AUT University Professor of Education Jane Gilbert fears that if we don’t change the way we are teaching our young people, they will be staggeringly ill-prepared for the future. Having worked as a teacher, university lecturer and researcher for 35 years, she’s spent the last decade digging deeply into the future of education, and she urges us all to get thinking – to re-evaluate the principles on which we build our educational frameworks, and to consider what education and knowledge actually mean in a rapidly changing world.
“Today’s teachers are told to focus on quantifiable outcomes, rather than looking at the much bigger picture,” says Gilbert. “They’re thinking about how they can help kids get their NCEA levels to get into the university course of their choice and secure a good job. But many of today’s jobs won’t exist in the future because intelligent machines will do that work instead. We’re feeding students this dream: work hard and get your qualifications, go to university and get a nice middle-class job. But it’s just not true; they won’t be able to.”
Gilbert points to the Ministry of Education’s target for 2017: 85 percent of 17-year-olds will have NCEA Level 2 or above. But the focus, she believes, must shift from churning out students with qualifications to fostering innovation and the creation of novel ideas.
“It sounds good that more kids are getting more qualifications, but what they’re actually learning and what that’s preparing them for is incredibly dubious.
“We have to have people thinking about a future that’s more than two years away, and imagining what people will need to deal with that. We all fund New Zealand’s public education system, and it should be the prime space in which we try to create the kind of society we want in five, 10 or 20 years’ time.”
Equipping kids with iPads in the classroom is nice, but Gilbert advocates a fundamental shift. She urges us to think beyond surface features such as technology in schools and to consider how our learning environments are structured to create inquiring minds. Without these skills, future generations can never hope to solve significant issues such as climate change, social inequality and the impact of globalisation.
“Future-focused education has become the flavour of the month with concepts like twentyfirst century learners and digital natives, but actually, a lot of what’s being said isn’t at all future focused.
“We’re still working within the same twentieth-century framework. The thinking hasn’t changed. “It’s just couching what we’ve already done in much fancier production values. It looks cooler and more digitised, but the underlying educational objectives have not changed.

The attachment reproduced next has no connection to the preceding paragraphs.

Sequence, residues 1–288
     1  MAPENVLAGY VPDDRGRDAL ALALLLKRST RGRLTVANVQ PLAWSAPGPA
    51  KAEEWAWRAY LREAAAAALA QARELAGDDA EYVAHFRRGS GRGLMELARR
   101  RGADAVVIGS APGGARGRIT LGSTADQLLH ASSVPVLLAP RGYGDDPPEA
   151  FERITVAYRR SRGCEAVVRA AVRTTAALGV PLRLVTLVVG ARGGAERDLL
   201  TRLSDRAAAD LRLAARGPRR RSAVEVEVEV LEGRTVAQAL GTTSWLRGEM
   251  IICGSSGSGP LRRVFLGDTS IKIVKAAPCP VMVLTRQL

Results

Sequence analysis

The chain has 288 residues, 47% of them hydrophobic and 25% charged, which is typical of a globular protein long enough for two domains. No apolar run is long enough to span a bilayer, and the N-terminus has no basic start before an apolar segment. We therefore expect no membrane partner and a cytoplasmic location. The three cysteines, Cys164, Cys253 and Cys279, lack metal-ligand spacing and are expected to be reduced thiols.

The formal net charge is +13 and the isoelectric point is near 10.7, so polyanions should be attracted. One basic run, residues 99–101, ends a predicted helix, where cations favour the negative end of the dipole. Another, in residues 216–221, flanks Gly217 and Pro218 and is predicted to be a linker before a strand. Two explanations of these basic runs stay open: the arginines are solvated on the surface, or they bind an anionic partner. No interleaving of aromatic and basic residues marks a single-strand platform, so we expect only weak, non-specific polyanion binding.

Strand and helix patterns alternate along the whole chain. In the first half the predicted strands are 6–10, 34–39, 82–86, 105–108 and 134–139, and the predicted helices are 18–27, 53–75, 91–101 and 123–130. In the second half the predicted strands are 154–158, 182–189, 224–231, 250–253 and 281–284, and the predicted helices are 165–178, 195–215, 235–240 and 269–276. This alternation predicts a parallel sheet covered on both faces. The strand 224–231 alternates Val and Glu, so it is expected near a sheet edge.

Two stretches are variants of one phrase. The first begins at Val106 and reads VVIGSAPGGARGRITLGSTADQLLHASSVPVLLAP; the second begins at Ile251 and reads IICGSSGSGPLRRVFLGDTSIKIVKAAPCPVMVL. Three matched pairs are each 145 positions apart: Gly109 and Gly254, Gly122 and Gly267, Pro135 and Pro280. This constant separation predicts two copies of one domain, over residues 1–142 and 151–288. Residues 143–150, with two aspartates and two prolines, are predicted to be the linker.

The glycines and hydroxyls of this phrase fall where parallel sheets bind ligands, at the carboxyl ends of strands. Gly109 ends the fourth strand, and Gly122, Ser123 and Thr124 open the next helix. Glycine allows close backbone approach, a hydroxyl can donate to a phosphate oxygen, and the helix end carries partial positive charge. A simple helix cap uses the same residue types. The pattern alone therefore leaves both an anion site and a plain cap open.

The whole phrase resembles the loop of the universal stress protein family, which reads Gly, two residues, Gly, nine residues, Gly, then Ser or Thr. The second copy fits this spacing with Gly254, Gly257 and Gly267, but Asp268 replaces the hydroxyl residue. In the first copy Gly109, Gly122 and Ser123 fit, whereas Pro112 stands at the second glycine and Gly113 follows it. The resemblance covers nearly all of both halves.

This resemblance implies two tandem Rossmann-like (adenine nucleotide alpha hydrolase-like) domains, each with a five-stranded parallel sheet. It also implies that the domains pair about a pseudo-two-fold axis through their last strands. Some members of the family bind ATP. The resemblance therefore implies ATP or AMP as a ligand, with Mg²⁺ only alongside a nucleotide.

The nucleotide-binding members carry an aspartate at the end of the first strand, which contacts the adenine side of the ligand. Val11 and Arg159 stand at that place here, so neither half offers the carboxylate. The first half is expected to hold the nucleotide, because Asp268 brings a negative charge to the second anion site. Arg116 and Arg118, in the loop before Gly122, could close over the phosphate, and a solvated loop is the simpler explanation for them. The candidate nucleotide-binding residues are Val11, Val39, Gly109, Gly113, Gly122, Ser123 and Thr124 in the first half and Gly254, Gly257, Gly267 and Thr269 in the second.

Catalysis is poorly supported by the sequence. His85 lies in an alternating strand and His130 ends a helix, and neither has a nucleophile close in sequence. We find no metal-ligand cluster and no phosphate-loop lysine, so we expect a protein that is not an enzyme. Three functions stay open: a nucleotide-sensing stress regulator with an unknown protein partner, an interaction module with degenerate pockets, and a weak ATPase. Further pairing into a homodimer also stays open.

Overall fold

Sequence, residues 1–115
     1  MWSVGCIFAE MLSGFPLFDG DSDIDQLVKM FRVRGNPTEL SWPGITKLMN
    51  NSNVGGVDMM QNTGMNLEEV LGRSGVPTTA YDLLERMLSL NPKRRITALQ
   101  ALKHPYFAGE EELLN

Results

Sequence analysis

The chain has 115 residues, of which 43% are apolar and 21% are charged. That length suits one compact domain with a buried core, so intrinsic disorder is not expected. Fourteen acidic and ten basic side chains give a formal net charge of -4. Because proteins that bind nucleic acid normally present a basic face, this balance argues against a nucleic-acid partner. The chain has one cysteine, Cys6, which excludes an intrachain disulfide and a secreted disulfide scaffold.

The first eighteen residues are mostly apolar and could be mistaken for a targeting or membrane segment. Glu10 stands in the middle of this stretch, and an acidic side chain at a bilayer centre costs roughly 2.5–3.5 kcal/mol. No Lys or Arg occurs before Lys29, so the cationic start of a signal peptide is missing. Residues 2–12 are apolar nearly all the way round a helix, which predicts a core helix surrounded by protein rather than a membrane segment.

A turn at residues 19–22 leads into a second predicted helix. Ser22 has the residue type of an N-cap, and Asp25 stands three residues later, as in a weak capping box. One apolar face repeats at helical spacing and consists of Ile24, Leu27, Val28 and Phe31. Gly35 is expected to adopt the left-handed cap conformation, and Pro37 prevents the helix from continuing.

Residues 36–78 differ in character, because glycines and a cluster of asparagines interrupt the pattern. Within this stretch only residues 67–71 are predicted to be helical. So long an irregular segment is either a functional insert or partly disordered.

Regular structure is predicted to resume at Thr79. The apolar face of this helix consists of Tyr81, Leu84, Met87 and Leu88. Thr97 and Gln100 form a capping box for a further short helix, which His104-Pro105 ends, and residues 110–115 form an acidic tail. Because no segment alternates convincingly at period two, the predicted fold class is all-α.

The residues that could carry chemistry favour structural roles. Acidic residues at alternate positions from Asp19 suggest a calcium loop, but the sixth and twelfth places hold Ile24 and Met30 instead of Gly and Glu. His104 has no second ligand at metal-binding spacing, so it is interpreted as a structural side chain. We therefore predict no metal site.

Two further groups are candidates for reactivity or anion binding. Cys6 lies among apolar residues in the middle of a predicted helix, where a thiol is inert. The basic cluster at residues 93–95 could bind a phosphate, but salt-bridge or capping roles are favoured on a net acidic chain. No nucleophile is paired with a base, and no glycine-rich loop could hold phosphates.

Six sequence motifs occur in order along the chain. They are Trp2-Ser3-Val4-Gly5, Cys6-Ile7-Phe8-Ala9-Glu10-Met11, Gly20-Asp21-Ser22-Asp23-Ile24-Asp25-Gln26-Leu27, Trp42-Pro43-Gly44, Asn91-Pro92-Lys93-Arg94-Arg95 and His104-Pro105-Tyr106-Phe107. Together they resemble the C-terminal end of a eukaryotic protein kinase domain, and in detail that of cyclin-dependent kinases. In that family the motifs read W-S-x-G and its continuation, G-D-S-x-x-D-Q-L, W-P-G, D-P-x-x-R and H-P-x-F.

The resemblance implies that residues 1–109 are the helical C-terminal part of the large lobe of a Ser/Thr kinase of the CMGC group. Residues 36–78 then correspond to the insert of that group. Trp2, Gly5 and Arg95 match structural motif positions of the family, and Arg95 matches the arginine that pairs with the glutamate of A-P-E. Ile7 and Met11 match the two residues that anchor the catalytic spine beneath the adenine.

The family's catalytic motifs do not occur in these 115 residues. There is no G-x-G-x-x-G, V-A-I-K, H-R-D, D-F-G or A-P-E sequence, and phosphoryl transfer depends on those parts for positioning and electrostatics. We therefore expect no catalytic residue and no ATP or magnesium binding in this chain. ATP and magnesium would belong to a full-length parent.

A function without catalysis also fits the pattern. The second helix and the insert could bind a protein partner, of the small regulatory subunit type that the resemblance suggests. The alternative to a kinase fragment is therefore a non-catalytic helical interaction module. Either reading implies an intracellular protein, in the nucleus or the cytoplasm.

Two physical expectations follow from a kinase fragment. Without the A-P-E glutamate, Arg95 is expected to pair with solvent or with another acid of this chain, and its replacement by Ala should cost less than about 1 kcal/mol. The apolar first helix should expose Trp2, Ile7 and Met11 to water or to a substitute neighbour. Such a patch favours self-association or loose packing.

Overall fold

Gilbert goes as far as to say that what we’re currently doing now in the education sector – trying to do things better and smarter with higher production values – is not only misguided, it’s morally wrong. Instead, she believes we need to focus not on how children are learning, but on what for?
“With the digital revolution, computers are far more powerful and ubiquitous, and this will change the nature of work. Having an education system where we talk about what job you’ll have in the future is completely futile. We need to think about education for non-work because not everyone will have a job. So how do we tailor education for a world that we can’t even conceive?
“We have to repackage the traditional goal of the education system, which is to build the intellectual capacity to think in ever more complex ways. It’s what Plato argued. It’s all about developing the individual and their thinking capacity. Our education system is meant to serve the collective good and create the kind of society we want to live in.” Gilbert advocates a complete change in how we teach our youth. Creating a better future for our planet involves opening up our thinking in the present instead of closing it down by simply following pre-existing pathways and rules. “In simple terms, if you want to produce innovators – as we claim we want to – everything you would do is the opposite of what we are currently doing in the education system.”
The AUT postgraduate course Professor Gilbert runs is designed to get teachers to consider the conceptual, intellectual aspects of educating future generations. Her current research investigates outcomes from this course.
“It involves work on adult cognitive development – getting them to shift their meaning-making system, the way they think about the world. Instead of thinking about their children’s intellectual development, they think about their own.
“The goal is to research the features necessary for teachers to shift up a notch. Teachers can’t provide programmes or experiences for children if they haven’t experienced it themselves. Without having made that intellectual shift themselves, there’s no way they can imagine a programme like that for children. Those who volunteer for this adult development workshop are interviewed regularly to ascertain how their thinking has changed.”